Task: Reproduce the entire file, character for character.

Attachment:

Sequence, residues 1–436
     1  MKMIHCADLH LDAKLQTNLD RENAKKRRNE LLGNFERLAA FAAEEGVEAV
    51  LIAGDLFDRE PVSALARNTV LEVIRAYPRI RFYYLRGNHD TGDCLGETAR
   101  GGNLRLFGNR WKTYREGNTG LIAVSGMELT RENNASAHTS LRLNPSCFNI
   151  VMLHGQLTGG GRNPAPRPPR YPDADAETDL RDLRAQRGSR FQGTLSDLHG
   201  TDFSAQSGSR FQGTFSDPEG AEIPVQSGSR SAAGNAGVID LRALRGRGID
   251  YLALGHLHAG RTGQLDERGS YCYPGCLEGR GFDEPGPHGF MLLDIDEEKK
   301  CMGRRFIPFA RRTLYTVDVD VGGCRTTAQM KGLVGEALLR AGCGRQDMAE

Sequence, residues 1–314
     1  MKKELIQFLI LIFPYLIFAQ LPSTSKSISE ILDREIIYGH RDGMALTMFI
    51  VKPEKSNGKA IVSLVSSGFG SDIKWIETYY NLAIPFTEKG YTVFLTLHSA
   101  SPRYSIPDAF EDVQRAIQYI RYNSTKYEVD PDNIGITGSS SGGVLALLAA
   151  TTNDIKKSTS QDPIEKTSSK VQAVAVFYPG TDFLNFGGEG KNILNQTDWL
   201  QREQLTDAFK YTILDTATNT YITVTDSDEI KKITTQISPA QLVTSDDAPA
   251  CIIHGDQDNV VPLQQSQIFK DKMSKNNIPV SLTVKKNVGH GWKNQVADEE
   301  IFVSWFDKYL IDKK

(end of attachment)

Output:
Sequence, residues 1–436
     1  MKMIHCADLH LDAKLQTNLD RENAKKRRNE LLGNFERLAA FAAEEGVEAV
    51  LIAGDLFDRE PVSALARNTV LEVIRAYPRI RFYYLRGNHD TGDCLGETAR
   101  GGNLRLFGNR WKTYREGNTG LIAVSGMELT RENNASAHTS LRLNPSCFNI
   151  VMLHGQLTGG GRNPAPRPPR YPDADAETDL RDLRAQRGSR FQGTLSDLHG
   201  TDFSAQSGSR FQGTFSDPEG AEIPVQSGSR SAAGNAGVID LRALRGRGID
   251  YLALGHLHAG RTGQLDERGS YCYPGCLEGR GFDEPGPHGF MLLDIDEEKK
   301  CMGRRFIPFA RRTLYTVDVD VGGCRTTAQM KGLVGEALLR AGCGRQDMAE

Sequence, residues 1–314
     1  MKKELIQFLI LIFPYLIFAQ LPSTSKSISE ILDREIIYGH RDGMALTMFI
    51  VKPEKSNGKA IVSLVSSGFG SDIKWIETYY NLAIPFTEKG YTVFLTLHSA
   101  SPRYSIPDAF EDVQRAIQYI RYNSTKYEVD PDNIGITGSS SGGVLALLAA
   151  TTNDIKKSTS QDPIEKTSSK VQAVAVFYPG TDFLNFGGEG KNILNQTDWL
   201  QREQLTDAFK YTILDTATNT YITVTDSDEI KKITTQISPA QLVTSDDAPA
   251  CIIHGDQDNV VPLQQSQIFK DKMSKNNIPV SLTVKKNVGH GWKNQVADEE
   301  IFVSWFDKYL IDKK